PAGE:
Now, this was a thing that all the girls who followed Diamanda did, they gave themselves new names and tried to be someone they weren't. The difference between them and Agnes was of course that Agnes actually had some natural talents for witchcraft and magic... and when you start creating a persona for yourself you sometimes risk getting stuck with it.

This of course happened to more people in Agnes's first starring book, Maskerade, like poor Henry Slugg who got stuck as his alternate persona Enrico Basilica -- but in the case of Agnes it becomes a lot more literal.

After Diamanda's coven fell flat, Agnes found that being a witch wasn't what she thought it was, and that when she got a better look at it, it didn't seem very tempting after all. So she left to seek a new life in Ankh-Morpork... and maybe, if Agnes hadn't joined the opera and decided that she should try to take up "Perdita" again, that would have been it.

But as Perdita X became synonymous with all the things Agnes was not but wanted to be, she... sort of grew. She became her own person. Agnes began attributing all her hidden thoughts, desires and little nasty houghts and impulses to Perdita. And as the book continues, you can definitely see Perdita taking form.She begins making internal comments about the situations, like Agnes's "inner Perdita-thoughts", but towards the end of the book she's grown strong enough that she can even override Agnes occasionally and use Agnes's mouth to say all those nasty things Agnes wouldn't.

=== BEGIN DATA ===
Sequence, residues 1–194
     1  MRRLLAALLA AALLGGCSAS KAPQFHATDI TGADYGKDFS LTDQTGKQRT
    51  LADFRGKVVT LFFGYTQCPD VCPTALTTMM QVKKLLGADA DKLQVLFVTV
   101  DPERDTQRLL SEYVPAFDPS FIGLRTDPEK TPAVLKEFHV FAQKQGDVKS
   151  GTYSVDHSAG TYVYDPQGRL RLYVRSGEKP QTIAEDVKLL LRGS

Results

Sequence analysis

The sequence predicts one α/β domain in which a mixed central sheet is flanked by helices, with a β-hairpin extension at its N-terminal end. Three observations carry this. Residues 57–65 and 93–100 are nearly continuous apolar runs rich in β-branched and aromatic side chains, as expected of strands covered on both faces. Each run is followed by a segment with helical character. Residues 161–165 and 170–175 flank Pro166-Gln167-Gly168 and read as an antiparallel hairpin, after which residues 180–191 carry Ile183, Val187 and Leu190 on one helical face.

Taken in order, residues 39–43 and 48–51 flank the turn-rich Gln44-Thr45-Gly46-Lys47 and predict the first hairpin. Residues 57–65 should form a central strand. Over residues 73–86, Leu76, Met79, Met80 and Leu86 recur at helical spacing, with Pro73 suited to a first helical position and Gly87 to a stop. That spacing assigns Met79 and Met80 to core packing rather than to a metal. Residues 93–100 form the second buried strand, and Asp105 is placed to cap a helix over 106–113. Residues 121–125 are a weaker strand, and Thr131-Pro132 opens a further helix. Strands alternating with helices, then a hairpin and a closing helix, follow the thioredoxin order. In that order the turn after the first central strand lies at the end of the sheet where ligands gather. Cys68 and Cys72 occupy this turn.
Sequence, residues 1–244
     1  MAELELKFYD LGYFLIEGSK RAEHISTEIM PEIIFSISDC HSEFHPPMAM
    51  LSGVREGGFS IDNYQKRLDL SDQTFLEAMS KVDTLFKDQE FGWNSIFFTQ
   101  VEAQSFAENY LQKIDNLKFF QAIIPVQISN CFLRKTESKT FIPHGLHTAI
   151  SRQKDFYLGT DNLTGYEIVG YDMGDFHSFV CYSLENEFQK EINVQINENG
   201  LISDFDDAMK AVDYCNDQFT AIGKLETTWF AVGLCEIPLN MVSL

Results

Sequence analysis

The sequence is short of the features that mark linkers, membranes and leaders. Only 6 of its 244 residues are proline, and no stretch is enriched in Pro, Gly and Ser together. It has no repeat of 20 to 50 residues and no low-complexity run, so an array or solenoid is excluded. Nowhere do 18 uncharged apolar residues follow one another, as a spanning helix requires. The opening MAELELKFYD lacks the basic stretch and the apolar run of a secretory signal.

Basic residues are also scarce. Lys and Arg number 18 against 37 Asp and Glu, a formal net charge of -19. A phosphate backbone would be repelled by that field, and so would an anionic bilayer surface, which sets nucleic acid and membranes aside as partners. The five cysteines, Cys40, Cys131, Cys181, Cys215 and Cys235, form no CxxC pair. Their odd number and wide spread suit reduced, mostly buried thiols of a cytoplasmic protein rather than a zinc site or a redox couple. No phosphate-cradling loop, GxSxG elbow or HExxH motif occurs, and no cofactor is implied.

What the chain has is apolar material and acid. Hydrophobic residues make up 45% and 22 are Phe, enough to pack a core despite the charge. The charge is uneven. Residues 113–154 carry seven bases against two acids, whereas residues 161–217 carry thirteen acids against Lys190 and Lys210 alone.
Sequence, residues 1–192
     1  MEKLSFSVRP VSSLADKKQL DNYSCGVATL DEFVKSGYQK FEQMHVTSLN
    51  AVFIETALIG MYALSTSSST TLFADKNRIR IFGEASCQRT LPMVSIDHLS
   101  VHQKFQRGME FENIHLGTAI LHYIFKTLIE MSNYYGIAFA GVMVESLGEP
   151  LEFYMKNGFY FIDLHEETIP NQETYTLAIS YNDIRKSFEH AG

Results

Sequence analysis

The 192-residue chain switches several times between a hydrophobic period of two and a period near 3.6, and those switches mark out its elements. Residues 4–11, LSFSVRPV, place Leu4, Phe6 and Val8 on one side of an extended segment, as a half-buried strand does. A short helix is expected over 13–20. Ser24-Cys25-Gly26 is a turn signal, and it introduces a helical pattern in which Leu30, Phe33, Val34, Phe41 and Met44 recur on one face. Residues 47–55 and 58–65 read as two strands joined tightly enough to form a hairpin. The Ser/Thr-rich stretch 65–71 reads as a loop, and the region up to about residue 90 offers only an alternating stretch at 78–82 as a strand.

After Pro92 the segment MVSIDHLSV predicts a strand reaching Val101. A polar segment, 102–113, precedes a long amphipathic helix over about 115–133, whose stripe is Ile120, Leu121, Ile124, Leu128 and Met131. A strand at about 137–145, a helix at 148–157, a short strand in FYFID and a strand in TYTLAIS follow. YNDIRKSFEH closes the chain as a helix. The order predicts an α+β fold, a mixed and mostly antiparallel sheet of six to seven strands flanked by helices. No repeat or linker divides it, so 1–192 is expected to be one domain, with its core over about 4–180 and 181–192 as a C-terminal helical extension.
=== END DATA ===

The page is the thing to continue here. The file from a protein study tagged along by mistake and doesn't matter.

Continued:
7 years ago @ Mark Reads - Mark Reads 'Carpe Jugu... · 1 reply · +21 points

Agreed... Omnianism as presented here has a definite "Post-Brutha" feel to it. If his death happened within the last decade or so, it would make sense for the church to be a little "directionless" afterwards.

7 years ago @ Mark Reads - Mark Reads 'Carpe Jugu... · 3 replies · +33 points

I know that Pratchett was getting rather tired of Rincewind as the series grew on, but felt he had to feature him in stories still because Rincewind was the original protagonist of the books and remained one of the most beloved characters.

Now, personally, I think the Rincewind books are still very fun, and often get a bit of undeserved bad rep, but you can see that Pratchett's coming from slightly different places when writing the Rincewind books.

The Watch and the Witches, the two series who are getting more prominence, both have far more complex main protagonists: Vimes and Granny are both very similar in that they are cynical and often nasty by nature, but hold themselves to very high moral standards. They are both far more introspective, multi-faceted, and conflicted that the simpler Rincewind, who is so unashamedly himself.